Flood recovery workers have reported continuing problems with respect to the identification, management and dissemination of the basic information necessary for the complex process of disaster response and recovery, (e.g., basic safety and health information regarding environmental hazards, general safety, and farm family stress). First, obtaining dependable, consistent information has proven to be a tremendous problem in flood recovery. In some regions, different agencies issued conflicting recommendations with respect to various aspects of flood response. Second, gaining access to the information has proven to be very difficult as well. Consequently, The University of Iowa Flood Response Workshop identified the need to improve communication between service providers, and to establish a peer-reviewed, information clearinghouse and resource center.
A variety of solutions have been proposed to address the problem of information management. In addition to traditional printed resources in libraries and elsewhere, CD-ROM technology has made possible a portable resource of tremendous capacity (Pierce Jones, Univ. of Florida). On-line access to libraries and to various forms of electronic bulletin boards has expanded exponentially the amount of available information. Finally, electronic discussion lists permit communication among social service and other professionals across large distances, with a complete cycle of question and answer in as little as a single day.
One of the principal issues on the agenda of the St. Louis "Legacy of the Flood" workshop was an examination of this problem of rapid access to reliable disaster response and recovery information. One component of the solution to this problem was recommended by the Iowa workshop and established at the St. Louis workshop. As an outcome of both workshops, a LISTSERV-based, electronic discussion list, FLOOD-L, has been created at the University of Missouri - Columbia. The goals of the discussion list are to facilitate day-to-day communication between flood recovery workers throughout the nine-state region, and to store relevant, consistent information for retrieval via e-mail. The goals, structure and potential applications of the FLOOD-L electronic network are discussed as a model for information dissemination and rapid inter-agency communication and coordination.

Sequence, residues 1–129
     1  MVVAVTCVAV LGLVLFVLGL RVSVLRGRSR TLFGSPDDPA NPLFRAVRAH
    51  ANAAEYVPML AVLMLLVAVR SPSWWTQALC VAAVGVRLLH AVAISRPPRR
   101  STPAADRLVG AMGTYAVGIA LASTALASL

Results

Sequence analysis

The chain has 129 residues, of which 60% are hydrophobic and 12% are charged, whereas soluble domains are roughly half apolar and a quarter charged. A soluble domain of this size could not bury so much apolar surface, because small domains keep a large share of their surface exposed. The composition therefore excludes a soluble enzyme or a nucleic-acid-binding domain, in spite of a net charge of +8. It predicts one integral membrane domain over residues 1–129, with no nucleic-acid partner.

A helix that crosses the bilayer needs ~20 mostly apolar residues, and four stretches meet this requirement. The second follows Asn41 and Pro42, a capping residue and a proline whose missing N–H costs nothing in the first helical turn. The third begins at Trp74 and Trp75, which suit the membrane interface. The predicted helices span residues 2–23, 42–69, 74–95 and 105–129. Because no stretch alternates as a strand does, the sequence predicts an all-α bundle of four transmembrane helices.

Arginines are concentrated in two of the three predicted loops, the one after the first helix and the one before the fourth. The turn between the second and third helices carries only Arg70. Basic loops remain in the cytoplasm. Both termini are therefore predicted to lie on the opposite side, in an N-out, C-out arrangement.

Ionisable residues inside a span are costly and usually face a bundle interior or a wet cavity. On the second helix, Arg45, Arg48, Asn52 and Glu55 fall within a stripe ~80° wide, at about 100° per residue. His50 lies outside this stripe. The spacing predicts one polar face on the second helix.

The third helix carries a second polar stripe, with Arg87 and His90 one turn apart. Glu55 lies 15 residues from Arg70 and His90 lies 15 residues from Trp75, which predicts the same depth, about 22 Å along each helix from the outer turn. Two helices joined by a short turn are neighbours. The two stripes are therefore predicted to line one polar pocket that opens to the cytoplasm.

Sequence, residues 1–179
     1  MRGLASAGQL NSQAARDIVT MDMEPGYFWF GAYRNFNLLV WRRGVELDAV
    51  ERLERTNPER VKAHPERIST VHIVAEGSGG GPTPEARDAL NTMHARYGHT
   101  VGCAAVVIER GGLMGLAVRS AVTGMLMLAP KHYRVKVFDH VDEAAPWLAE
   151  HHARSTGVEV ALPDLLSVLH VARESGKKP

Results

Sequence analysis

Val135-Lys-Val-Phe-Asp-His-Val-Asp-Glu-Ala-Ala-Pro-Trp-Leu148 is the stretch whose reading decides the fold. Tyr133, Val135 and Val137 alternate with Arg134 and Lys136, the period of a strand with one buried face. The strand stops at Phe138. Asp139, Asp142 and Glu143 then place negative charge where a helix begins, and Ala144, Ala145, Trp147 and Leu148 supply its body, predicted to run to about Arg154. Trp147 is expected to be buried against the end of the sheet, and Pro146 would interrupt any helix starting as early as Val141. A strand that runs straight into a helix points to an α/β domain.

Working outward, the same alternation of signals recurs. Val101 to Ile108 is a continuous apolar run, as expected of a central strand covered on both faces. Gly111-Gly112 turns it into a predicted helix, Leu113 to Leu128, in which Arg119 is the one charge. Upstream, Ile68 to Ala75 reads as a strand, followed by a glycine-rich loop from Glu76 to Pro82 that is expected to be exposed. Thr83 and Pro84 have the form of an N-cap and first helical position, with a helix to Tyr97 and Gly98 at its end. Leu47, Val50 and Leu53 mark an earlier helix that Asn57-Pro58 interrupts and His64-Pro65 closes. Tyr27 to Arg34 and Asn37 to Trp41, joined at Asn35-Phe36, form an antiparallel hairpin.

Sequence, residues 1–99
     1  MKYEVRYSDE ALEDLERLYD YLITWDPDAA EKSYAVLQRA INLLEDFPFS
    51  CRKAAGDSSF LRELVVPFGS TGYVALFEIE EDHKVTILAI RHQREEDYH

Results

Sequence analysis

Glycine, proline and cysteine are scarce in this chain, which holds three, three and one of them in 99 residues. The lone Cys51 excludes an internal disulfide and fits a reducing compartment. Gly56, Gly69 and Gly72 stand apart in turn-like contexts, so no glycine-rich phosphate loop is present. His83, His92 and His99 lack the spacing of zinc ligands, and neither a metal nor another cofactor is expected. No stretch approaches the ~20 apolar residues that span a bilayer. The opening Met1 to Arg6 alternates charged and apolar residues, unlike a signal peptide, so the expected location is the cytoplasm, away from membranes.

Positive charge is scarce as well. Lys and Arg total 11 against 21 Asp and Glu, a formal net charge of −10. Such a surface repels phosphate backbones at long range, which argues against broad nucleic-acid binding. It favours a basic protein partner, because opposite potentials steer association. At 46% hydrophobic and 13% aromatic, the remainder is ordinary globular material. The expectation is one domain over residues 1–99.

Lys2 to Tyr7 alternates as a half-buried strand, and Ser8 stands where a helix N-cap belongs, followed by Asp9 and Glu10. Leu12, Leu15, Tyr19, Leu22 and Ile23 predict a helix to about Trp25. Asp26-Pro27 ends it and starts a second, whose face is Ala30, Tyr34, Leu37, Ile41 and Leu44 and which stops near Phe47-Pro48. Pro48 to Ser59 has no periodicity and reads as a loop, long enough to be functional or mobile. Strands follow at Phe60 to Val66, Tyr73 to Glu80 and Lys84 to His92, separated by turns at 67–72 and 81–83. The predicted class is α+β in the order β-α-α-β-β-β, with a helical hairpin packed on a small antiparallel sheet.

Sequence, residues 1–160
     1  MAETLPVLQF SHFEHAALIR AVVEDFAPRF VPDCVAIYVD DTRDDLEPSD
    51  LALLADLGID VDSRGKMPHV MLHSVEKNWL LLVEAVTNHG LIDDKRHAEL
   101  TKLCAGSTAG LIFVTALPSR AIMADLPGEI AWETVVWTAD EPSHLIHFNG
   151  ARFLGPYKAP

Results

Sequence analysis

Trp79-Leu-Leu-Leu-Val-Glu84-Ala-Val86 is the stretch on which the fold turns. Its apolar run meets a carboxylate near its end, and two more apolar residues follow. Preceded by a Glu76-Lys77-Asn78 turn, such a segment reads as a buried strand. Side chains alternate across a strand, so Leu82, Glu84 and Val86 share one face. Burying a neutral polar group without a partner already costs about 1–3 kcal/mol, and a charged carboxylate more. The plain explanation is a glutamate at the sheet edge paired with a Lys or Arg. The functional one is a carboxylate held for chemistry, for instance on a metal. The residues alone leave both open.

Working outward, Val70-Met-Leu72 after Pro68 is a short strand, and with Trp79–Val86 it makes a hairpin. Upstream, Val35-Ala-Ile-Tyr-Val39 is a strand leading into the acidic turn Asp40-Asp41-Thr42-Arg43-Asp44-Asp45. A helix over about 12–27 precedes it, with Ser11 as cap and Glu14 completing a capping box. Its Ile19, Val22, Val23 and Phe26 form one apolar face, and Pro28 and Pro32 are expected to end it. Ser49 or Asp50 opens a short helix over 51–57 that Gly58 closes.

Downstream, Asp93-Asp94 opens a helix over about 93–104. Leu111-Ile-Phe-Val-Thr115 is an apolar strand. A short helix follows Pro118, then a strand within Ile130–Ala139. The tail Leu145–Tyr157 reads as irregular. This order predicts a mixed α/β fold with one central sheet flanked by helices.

This research abstract was extracted from a portion of the proceedings of "Agricultural Safety and Health: Detection, Prevention and Intervention," a conference presented by the Ohio State University and the Ohio Department of Health, sponsored by the Centers for Disease Control/National Institute for Occupational Safety and Health.
The authors noted above are from: NIOSH, Cincinnati, OH; Kent State Univ., Kent, OH; Univ. of Missouri, Columbia, MO; Fed. Office of Rural Health Policy, Washington, DC; The Univ. of Iowa, Iowa City, IA and Fed. Office of Rural Health Policy, Washington, DC respectively
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